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Thursday, April 19, 2012

Bahamas Prime Minister Hubert Ingraham ...says that there would be no oil drilling in Bahamian waters if his party - the Free National Movement (FNM) is re-elected to office

PM: FNM govt won’t drill for oil

By Taneka Thompson
Guardian Senior Reporter

Nassau, The Bahamas

Prime Minister Hubert Ingraham said yesterday there would be no oil drilling in Bahamian waters if his party is re-elected to office.

Asked if his administration would allow drilling if returned to power, he said ‘no’.

Ingraham added that Bahamas Petroleum Company Plc. (BPC) — the company licensed to explore for oil in Bahamian waters — has direct ties to Progressive Liberal Party (PLP) Leader Perry Christie and other senior members of the party.

In 2005, BPC began its negotiations with the Christie administration for its various permits and licenses to look for oil in the country’s territorial waters.

Since then the company has only done 2-D and 3-D underwater seismic testing to figure out the best areas to drill for oil and get a better handle on the country’s oil potential.

However, in 2010 the Ingraham administration placed a moratorium on new oil exploration or drilling licenses. The moratorium came after the disastrous Deepwater Horizon oil spill in the Gulf of Mexico.

“We are undertaking studies and after that we will see, but we don’t have any plans to drill for oil in The Bahamas,” Ingraham said.

He was responding to questions put to him by The Nassau Guardian after he completed a tour of Bains Town and Grants Town yesterday.

“They (BPC) are very much tied to Perry Christie and those,” Ingraham said.

“In fact, I think he may be a consultant for them. He is certainly involved with them.”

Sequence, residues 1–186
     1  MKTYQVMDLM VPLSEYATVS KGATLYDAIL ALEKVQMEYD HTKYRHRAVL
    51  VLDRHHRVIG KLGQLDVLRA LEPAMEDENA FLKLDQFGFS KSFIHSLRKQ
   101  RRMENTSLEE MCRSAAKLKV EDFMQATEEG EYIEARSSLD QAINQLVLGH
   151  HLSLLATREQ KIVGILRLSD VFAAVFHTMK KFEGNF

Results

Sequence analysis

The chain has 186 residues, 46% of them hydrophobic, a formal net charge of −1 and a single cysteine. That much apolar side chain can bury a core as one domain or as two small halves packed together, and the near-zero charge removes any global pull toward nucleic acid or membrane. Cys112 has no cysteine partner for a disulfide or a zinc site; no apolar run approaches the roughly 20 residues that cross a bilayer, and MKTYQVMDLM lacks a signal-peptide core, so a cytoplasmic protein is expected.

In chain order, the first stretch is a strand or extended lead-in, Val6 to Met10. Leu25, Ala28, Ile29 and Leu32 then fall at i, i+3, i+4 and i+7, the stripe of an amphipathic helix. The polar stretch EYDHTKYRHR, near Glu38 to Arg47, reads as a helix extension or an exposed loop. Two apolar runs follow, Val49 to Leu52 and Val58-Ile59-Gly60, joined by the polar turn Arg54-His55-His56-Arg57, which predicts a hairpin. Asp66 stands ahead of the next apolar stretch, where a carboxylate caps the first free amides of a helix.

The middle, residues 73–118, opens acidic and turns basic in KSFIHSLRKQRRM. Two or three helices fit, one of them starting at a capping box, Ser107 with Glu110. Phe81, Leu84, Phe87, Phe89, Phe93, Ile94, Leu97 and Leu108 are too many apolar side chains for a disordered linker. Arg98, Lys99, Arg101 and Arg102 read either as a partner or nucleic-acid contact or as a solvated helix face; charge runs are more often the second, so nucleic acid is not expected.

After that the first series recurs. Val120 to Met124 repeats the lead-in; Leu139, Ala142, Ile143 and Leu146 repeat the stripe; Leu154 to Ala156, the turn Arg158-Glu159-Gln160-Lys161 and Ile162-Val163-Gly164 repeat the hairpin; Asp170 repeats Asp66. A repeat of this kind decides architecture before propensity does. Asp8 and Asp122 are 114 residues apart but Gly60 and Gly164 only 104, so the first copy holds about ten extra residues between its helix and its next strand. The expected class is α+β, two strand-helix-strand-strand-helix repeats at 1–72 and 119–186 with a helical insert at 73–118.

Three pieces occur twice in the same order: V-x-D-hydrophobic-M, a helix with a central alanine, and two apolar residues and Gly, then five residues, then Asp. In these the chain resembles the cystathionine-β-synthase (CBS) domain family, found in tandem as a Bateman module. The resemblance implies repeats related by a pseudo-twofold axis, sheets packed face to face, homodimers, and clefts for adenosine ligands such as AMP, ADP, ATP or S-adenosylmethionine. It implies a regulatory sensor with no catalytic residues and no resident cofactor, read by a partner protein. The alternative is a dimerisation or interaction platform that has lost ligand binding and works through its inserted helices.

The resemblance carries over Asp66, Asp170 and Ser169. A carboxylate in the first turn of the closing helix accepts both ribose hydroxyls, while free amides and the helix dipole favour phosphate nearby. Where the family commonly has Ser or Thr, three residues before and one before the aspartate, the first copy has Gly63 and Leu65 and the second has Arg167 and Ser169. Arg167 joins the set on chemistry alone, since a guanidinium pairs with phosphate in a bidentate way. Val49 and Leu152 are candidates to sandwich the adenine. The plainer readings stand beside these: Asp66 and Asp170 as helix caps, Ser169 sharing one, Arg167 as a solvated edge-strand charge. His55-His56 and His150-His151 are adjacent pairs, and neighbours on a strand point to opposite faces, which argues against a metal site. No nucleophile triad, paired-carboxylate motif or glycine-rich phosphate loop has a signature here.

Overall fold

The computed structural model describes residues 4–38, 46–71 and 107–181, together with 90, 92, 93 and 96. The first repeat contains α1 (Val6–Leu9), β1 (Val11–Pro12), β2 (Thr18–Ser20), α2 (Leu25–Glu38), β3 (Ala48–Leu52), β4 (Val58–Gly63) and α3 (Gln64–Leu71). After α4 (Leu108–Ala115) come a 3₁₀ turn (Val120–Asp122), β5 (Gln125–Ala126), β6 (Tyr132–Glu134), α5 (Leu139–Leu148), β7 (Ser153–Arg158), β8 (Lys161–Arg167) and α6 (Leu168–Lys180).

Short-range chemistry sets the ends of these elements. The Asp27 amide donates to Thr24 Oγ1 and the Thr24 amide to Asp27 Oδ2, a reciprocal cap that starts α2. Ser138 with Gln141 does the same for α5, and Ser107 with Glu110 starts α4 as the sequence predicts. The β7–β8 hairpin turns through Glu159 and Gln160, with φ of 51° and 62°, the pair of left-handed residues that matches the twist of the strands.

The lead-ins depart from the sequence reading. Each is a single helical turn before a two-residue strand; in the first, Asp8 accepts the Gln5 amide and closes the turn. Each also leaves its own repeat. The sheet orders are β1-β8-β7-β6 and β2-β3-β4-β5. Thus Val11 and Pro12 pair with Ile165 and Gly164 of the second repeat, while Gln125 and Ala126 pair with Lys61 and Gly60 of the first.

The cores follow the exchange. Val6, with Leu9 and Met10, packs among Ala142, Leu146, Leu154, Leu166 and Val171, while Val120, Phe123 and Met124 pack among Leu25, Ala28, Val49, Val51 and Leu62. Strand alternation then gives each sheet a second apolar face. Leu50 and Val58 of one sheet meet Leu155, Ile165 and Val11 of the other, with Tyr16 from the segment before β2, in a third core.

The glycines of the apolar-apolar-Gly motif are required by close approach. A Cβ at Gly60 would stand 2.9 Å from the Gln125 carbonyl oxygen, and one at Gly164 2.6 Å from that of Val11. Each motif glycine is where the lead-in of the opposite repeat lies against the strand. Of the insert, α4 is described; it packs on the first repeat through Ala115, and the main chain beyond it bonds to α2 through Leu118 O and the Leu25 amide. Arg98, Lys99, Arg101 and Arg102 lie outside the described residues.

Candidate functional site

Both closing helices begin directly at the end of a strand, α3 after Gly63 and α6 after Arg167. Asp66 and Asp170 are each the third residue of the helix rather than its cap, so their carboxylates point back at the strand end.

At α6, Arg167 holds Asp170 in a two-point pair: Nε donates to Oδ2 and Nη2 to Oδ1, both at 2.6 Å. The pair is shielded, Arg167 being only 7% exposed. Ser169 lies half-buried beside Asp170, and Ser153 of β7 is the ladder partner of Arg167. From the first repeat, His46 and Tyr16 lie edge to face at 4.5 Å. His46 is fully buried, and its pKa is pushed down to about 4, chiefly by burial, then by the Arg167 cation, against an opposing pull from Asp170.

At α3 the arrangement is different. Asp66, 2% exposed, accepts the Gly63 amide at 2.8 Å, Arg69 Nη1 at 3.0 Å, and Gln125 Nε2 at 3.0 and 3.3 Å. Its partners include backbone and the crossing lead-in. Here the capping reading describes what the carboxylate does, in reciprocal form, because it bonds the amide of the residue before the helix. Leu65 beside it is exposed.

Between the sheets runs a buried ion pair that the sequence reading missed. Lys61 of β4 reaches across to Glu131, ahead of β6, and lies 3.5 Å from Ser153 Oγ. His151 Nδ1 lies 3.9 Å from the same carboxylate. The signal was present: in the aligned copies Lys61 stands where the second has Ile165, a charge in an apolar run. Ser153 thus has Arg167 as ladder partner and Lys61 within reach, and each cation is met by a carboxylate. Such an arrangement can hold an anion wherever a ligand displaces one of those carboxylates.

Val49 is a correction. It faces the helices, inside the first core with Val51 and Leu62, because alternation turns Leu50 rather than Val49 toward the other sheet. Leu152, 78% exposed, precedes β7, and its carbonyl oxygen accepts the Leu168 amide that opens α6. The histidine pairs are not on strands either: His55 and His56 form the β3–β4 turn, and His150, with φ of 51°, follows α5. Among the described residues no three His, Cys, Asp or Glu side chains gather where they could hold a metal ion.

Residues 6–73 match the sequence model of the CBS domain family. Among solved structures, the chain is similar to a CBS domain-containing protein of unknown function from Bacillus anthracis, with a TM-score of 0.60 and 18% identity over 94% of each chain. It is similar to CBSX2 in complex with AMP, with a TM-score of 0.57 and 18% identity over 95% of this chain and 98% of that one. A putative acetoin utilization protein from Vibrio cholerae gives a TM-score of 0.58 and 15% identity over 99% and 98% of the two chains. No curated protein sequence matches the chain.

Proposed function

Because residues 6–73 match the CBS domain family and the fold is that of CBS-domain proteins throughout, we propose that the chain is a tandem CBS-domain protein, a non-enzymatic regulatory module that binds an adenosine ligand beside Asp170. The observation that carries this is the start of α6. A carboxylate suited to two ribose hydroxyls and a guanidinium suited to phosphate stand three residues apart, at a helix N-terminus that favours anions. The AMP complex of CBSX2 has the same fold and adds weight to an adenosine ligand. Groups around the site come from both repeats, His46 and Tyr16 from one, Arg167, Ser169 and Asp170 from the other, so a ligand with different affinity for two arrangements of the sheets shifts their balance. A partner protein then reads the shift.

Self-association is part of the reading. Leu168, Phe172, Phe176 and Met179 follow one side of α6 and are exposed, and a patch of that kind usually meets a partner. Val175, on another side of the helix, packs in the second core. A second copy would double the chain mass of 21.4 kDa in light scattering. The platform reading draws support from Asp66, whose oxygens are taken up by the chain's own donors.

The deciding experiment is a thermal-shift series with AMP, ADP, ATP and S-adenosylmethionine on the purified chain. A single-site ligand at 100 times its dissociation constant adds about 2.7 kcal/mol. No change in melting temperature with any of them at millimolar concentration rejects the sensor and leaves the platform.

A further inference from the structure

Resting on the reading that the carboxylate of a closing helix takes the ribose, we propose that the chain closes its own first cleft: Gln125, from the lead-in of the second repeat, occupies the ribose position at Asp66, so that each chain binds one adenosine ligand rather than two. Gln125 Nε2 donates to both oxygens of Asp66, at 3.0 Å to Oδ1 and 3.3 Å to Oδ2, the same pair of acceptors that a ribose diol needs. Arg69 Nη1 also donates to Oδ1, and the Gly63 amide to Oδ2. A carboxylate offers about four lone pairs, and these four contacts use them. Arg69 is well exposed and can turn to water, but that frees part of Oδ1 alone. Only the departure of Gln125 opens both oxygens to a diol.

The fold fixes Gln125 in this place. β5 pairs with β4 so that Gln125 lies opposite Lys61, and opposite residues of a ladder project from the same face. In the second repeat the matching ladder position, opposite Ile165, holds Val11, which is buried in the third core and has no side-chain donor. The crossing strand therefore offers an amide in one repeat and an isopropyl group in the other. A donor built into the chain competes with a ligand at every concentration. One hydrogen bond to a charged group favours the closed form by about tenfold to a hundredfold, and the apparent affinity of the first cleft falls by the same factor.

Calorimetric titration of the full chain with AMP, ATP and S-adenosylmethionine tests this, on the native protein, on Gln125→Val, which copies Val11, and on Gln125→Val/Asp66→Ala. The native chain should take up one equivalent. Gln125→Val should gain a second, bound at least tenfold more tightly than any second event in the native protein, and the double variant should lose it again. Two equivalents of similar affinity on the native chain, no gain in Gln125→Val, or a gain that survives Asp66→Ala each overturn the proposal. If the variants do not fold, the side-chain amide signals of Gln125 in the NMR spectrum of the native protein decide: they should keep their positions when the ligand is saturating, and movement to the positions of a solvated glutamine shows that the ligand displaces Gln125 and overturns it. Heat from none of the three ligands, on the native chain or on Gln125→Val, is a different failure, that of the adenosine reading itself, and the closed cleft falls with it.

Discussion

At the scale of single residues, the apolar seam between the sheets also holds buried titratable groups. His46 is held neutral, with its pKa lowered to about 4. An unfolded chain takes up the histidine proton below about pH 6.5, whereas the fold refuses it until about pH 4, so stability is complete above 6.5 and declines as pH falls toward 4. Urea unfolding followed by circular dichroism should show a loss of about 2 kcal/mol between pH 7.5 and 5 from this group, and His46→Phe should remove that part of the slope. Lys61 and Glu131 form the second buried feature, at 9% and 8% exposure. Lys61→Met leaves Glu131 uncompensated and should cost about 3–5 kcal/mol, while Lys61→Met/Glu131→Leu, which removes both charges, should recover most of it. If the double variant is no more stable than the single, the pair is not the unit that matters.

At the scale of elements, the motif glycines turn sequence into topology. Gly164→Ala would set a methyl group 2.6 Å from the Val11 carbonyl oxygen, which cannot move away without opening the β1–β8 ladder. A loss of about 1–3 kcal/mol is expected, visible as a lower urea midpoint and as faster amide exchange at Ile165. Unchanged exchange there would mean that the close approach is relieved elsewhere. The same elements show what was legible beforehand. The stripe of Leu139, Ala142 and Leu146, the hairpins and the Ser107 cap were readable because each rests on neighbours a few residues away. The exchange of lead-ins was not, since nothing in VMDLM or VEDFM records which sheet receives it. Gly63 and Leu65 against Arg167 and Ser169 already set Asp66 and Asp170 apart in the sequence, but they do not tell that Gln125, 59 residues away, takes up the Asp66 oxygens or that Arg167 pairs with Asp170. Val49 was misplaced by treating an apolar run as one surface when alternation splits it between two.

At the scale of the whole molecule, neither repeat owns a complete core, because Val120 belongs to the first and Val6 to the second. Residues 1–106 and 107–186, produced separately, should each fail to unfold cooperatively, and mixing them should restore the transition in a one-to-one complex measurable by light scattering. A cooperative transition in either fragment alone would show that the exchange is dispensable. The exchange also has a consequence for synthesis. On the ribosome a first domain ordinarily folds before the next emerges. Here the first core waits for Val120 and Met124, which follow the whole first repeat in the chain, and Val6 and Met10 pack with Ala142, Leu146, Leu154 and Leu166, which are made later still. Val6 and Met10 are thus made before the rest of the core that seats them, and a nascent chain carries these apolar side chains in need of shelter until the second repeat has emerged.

Ingraham also suggested that attorney Sean McWeeney, a former PLP attorney general, is also tied to BPC.

On its website, under company advisors, BPC lists the law firm Davis & Co., run by PLP Deputy Leader Philip Brave Davis, as part of its Bahamian legal team.

McWeeney’s law firm Graham Thompson & Co. is listed as the second firm representing BPC in The Bahamas. McWeeney is a partner in the firm.

A press release posted on BPC’s website and published in Offshore magazine, said the company “now looks forward to the outcome of the Bahamian elections.

“Whatever the result, it anticipates a refreshed mandate to support exploration,” the press release said.

Ingraham said yesterday The Bahamas’ waters are too pristine and important for the country’s tourism product to risk drilling for oil.

“We’ve seen what happened in Louisiana with oil drilling,” Ingraham said, referring to the Deepwater Horizon oil spill.

BPC’s CEO Simon Potter recently told Guardian Business that drilling an oil well by April 26, 2013 was an important benchmark for the company. However, BPC’s current oil drilling license is set to expire this month.

Potter said he was confident that the company would receive an extension from the government; the renewal is subject to the company meeting certain obligations, terms and conditions.

Last September, the company began compiling its 3-D seismic data.

There is reportedly a 25 to 33 percent chance of oil being found under The Bahamas’ territorial ocean floor.

The company has also submitted its environmental impact assessment to the Bahamas Environment, Science and Technology Commission (BEST).

Apr 19, 2012